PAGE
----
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11.22 The intravenous route of administration into the subcarapacial (subveretebral) plexus in a Greek tortoise.
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11.23 The intravenous route of administration into the ventral tail vein in a veiled chameleon.
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11.24 The intravenous route of administration into the ventral tail vein in a king snake.
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11.25 Small amounts of medicinal solution may be slowly injected into the palatine veins () in a sedated or anaesthetized boid snake.
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11.26 (a–c) The intraosseous route of administration into the distal femur in a green iguana.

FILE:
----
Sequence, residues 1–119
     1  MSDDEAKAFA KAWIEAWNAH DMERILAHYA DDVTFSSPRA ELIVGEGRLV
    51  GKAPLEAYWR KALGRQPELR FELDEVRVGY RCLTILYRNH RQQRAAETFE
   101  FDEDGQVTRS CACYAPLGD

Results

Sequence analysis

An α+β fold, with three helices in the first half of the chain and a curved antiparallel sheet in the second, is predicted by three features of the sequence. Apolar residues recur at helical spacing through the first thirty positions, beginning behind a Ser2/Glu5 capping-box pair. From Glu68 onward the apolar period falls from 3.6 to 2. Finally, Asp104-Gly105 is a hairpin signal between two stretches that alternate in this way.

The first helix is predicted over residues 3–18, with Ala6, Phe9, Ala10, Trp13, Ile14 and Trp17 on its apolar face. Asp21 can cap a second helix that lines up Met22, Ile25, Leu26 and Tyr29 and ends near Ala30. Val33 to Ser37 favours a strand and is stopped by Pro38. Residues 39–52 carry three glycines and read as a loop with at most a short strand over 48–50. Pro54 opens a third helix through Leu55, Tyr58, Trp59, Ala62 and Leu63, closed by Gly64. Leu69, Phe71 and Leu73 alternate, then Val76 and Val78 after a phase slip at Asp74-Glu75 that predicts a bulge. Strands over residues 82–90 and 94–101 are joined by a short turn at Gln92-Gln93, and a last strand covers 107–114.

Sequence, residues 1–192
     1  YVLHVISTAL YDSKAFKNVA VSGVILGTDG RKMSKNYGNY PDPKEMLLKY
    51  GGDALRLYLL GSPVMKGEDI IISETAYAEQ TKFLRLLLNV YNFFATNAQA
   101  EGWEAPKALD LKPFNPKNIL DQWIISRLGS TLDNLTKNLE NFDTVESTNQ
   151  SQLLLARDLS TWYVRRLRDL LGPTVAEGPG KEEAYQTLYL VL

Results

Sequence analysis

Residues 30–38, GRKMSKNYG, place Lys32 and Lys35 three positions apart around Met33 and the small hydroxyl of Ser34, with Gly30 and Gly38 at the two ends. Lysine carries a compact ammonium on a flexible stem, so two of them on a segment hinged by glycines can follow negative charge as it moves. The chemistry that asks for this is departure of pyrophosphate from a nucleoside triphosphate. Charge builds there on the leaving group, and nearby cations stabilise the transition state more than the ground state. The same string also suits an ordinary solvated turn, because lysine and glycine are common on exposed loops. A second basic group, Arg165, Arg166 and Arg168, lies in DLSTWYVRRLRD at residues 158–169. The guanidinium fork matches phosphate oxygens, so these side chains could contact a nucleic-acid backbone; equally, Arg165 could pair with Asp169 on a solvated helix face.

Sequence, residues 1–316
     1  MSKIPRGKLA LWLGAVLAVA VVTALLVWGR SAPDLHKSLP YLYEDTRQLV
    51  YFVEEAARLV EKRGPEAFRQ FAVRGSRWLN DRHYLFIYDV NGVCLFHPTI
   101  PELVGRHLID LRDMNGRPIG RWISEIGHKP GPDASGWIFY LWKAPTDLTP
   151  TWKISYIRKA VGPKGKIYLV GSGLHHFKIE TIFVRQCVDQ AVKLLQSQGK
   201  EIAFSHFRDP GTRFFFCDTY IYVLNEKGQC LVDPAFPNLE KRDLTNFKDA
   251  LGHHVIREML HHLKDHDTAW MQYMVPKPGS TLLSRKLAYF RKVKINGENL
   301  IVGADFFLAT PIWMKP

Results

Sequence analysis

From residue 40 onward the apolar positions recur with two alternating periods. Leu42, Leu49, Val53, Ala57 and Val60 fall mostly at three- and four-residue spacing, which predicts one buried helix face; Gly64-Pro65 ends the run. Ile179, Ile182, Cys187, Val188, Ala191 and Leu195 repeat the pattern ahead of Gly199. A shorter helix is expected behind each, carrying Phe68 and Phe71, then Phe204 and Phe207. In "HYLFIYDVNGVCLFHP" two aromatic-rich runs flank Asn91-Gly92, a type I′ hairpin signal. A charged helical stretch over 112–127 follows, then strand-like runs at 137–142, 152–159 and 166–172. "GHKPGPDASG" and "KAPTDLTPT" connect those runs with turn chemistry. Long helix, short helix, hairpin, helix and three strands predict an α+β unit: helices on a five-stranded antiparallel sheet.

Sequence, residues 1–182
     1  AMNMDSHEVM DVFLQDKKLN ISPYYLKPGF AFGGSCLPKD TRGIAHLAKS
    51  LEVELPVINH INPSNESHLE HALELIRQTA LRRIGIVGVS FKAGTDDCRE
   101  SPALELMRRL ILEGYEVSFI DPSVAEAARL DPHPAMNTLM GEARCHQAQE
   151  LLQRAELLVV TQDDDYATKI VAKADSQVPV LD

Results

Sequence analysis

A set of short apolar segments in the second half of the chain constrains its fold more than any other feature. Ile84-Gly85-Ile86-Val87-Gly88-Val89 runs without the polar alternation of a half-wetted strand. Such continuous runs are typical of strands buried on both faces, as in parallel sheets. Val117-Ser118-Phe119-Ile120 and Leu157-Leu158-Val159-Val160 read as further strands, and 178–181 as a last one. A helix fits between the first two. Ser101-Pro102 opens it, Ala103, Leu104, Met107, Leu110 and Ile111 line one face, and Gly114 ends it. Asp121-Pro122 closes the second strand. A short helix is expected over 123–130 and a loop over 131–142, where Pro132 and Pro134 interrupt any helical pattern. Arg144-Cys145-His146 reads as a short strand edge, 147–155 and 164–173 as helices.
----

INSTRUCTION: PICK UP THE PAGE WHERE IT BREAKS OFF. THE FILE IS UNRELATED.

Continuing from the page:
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11.27 The intraosseous route of administration in an adult chelonian. (a) After disinfecting the shell, a hole was drilled into the epiplastron. (b) Through this drill hole an intraosseous catheter can be inserted.
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11.28 The inserted needle in the tortoise in Figure 11.27 , is secured with tissue glue or cement.
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11.29 An intraosseous catheter (a) for fluid therapy in a tortoise. (b) Connected to a small infusion pump for continuous fluid therapy.
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11.30 The intracardial route of drug administration in a manually restrained ball python. The snake is placed on its back and the needle is inserted via the ventral approach.
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11.31 A fine sponge impregnated with gentamicin has been placed into the wound in a male green iguana.